Subletting someone’s apartment is a relatively common practice in New York City. Maybe you need a place to stay for the summer before you start classes at NYU and you find a friend of a friend who’s off shooting a movie in Europe for the summer. It’s a win-win, right? You get an apartment close to your job and he gets reimbursed for his rent while he’s away. Some tenants also sublet their New York apartments even though they’re currently living upstate because they don’t want to lose them.
However, what if you find out that while you’ve been paying rent to the primary tenant, that tenant isn’t paying the landlord? Can you be required to leave the apartment even though you’ve kept up your end of the bargain? It depends.
If it’s a “market rate” apartment — meaning that there are no rent restrictions on it — then you as the subletter could be subject to eviction along with the primary tenant who hasn’t been paying their rent. However, even if you’re paying the primary tenant market rate, it may be a rent-regulated apartment. Therefore, it’s wise to find out by checking with the New York Division of Housing and Community Renewal.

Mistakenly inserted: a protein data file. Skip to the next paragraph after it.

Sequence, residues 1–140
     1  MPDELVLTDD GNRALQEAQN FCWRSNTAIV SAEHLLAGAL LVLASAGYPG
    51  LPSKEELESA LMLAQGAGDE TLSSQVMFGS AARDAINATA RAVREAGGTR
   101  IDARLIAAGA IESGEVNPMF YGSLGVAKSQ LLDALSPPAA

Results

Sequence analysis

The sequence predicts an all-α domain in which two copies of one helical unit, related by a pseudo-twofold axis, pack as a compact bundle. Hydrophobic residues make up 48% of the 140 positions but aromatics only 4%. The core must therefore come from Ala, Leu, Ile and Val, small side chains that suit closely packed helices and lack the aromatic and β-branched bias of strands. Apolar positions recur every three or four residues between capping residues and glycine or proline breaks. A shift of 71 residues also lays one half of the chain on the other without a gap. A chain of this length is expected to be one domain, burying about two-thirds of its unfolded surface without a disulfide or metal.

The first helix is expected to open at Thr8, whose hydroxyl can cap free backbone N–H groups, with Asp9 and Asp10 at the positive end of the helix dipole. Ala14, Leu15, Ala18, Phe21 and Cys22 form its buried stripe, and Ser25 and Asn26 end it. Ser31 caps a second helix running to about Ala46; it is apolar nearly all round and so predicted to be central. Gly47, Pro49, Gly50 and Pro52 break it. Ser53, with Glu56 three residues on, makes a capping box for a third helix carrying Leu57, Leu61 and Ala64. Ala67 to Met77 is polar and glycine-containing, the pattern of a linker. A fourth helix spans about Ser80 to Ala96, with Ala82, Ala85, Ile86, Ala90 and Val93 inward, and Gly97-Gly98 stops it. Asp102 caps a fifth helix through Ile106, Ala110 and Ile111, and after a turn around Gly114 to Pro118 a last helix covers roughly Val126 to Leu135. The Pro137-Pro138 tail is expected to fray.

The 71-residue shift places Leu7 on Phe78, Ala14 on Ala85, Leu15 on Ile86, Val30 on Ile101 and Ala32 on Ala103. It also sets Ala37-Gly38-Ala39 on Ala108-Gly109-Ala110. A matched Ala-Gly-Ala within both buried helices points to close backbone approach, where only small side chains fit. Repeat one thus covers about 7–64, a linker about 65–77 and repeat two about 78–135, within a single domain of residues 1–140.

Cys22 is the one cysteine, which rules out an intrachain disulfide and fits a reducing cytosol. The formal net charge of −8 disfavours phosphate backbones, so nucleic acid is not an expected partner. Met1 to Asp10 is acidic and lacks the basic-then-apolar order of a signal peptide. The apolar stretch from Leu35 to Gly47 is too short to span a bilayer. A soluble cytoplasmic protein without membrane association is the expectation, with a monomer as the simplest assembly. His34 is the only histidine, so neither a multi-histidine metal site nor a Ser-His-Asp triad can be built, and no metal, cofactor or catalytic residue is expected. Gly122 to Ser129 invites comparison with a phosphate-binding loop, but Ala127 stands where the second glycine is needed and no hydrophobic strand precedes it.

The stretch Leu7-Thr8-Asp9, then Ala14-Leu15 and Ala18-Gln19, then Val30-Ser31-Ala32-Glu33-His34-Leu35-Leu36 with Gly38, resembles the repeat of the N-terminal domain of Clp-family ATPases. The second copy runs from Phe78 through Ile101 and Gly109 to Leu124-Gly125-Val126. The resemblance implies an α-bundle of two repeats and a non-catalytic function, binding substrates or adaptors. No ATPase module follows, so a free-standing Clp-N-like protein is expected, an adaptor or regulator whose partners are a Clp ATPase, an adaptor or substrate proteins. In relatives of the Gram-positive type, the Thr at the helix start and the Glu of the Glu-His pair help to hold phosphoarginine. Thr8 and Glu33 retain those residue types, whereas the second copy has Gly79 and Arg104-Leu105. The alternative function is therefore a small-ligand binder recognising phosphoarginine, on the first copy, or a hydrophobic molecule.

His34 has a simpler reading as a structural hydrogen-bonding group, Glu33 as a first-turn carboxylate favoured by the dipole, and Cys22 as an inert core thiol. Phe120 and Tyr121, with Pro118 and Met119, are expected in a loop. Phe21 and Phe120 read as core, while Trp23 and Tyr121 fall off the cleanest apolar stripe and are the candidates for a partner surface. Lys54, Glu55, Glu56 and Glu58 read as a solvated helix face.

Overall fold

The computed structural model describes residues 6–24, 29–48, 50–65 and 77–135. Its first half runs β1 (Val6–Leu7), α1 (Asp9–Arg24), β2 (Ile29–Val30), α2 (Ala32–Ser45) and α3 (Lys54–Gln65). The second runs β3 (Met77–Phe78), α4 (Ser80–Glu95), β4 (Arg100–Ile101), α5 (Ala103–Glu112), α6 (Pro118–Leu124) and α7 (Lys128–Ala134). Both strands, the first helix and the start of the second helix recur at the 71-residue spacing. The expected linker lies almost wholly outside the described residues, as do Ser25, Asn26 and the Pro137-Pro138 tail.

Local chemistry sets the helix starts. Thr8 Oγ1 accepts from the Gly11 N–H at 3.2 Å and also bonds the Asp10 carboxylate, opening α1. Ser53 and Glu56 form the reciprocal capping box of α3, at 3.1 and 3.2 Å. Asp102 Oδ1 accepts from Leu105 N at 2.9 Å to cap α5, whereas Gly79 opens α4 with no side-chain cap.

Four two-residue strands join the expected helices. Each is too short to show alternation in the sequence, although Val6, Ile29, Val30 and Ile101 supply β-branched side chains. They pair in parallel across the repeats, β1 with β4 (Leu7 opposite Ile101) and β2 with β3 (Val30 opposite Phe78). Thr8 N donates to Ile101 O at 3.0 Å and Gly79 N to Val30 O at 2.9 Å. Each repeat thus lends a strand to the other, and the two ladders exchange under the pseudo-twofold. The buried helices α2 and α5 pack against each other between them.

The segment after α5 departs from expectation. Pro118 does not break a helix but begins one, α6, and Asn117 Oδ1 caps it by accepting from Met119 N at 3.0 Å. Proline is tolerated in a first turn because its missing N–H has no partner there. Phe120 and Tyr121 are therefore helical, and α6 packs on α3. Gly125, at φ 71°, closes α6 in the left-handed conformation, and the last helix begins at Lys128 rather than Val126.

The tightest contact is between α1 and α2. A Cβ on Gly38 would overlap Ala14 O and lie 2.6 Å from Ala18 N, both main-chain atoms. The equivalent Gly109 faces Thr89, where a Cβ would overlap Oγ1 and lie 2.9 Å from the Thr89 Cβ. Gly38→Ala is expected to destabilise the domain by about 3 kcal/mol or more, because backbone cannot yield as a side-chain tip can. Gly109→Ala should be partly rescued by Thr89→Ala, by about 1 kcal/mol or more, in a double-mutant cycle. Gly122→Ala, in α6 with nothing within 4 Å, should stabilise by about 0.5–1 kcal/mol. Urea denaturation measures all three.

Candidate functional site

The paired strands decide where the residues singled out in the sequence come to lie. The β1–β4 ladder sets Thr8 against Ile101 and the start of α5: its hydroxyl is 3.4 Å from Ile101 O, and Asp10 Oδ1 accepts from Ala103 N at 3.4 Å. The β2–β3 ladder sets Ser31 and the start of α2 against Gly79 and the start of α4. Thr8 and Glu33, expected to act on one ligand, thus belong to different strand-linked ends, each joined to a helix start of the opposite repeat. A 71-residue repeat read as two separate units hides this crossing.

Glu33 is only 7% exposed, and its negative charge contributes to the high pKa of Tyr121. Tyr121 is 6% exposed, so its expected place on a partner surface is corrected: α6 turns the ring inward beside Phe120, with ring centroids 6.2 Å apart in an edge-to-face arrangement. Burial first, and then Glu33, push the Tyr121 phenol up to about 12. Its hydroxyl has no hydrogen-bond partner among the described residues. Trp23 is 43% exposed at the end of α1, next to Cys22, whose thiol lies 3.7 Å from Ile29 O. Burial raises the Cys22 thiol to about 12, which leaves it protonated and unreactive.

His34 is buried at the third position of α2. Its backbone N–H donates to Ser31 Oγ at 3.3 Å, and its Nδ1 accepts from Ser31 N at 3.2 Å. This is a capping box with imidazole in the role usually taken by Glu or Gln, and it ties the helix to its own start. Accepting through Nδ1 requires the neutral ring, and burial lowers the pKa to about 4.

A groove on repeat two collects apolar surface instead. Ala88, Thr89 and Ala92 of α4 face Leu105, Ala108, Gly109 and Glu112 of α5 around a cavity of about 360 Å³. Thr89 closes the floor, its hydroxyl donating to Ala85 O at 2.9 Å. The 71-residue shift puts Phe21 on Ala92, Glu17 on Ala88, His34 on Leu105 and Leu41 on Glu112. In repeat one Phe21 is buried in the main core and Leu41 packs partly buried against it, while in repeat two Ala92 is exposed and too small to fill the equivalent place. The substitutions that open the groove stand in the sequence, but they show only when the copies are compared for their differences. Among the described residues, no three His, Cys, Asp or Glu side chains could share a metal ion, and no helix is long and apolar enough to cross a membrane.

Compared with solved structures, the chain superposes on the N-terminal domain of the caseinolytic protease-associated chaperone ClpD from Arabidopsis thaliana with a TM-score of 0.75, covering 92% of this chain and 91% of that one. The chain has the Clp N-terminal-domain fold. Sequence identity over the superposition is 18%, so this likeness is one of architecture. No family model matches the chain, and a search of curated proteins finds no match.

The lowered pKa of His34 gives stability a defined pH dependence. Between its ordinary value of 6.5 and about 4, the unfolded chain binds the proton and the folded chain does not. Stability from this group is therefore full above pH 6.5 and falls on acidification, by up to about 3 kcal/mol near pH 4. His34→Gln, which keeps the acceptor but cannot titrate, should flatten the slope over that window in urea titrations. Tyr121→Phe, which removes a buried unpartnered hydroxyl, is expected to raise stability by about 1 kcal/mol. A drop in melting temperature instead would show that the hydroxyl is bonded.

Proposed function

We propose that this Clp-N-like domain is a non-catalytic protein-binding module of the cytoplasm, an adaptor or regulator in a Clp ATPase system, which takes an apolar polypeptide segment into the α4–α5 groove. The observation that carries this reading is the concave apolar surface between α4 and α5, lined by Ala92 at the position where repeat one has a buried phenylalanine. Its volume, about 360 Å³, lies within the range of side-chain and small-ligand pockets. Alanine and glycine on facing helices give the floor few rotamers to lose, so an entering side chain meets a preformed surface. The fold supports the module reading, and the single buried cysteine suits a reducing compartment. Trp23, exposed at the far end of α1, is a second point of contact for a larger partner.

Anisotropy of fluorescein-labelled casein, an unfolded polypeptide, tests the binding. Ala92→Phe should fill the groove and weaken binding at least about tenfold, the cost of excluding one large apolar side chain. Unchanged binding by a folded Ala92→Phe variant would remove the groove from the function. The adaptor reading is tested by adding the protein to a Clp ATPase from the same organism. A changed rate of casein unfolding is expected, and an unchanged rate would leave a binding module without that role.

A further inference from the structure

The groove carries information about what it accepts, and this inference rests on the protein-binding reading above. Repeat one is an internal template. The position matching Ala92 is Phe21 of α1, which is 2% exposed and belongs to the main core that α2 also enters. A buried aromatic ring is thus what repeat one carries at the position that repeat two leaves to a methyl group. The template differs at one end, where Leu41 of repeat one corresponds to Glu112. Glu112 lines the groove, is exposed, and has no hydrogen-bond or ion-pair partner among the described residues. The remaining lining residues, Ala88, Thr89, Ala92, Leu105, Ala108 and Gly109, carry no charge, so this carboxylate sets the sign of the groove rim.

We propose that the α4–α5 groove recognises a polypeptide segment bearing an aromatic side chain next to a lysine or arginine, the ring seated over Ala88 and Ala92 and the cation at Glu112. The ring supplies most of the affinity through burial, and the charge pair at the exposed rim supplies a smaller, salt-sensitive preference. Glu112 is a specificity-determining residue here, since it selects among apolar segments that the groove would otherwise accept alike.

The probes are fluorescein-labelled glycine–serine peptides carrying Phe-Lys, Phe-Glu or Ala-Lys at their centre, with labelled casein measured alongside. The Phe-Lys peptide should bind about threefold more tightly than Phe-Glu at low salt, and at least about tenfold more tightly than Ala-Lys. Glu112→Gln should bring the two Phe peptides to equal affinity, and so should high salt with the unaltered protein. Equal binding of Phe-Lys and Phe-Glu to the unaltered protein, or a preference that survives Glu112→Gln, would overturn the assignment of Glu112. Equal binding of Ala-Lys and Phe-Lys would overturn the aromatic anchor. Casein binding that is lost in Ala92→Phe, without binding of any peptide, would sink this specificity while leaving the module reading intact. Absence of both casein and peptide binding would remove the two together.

If the apartment is rent-regulated, you may be able to claim that you’re an “illusory tenant.” That means you’re essentially the prime tenant since the actual tenant is making a profit by subletting the apartment at a higher rate. If you are willing to go to court with that defense and you win, you could end up as the new tenant paying the regulated rate.
If the apartment isn’t rent-regulated, or you don’t want to go through a court battle because you have no interest in making the apartment your long-term home, you can talk to the landlord or managing agent. Explain that you’ve been paying rent to the primary tenant, and provide proof, such as canceled checks. The landlord may let you stay on and pay them the rent directly. Of course, they may decide to evict both you and the primary tenant.
If you’re contemplating going to go to court — either to claim illusory tenancy or to get your money back from the primary tenant — it’s wise to seek experienced legal guidance.